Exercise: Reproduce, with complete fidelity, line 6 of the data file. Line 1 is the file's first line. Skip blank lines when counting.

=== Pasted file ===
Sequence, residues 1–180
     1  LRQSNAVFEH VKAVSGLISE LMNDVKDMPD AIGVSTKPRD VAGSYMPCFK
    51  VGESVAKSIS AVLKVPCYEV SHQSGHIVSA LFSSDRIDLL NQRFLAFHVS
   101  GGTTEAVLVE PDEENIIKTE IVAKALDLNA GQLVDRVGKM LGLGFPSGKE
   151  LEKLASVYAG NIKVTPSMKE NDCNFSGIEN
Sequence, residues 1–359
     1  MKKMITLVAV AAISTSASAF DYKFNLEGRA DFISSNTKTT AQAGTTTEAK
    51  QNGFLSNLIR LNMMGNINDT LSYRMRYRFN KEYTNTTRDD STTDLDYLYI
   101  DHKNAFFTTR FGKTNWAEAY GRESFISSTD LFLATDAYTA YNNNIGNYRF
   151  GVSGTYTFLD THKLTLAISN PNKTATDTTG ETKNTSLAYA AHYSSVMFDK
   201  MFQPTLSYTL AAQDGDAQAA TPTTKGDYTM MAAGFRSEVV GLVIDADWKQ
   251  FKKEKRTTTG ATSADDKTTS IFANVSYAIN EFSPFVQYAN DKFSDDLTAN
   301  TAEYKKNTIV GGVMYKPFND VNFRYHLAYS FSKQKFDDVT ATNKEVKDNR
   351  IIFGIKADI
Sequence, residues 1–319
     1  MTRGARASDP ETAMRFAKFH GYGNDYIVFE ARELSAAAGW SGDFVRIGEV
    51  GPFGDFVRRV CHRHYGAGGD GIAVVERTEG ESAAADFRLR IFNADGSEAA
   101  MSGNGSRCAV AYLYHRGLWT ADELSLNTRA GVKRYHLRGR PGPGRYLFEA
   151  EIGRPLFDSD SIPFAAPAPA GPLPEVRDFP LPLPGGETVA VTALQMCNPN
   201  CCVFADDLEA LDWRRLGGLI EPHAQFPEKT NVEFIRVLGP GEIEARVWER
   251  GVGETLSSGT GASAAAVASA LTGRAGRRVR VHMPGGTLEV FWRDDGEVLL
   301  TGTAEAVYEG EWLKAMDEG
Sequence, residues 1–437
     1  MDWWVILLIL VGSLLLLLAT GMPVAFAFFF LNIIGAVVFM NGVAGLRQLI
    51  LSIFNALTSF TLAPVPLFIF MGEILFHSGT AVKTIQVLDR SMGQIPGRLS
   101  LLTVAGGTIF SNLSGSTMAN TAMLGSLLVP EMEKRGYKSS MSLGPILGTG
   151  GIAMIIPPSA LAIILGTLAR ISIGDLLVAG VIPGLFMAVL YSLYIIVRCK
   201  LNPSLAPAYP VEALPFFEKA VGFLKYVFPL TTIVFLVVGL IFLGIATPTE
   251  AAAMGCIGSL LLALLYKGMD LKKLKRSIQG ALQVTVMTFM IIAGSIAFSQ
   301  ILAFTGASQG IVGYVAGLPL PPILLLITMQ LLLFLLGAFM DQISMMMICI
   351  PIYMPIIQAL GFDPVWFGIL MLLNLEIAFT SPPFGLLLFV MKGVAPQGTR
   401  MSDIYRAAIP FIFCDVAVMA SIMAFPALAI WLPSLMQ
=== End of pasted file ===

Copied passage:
Sequence, residues 1–359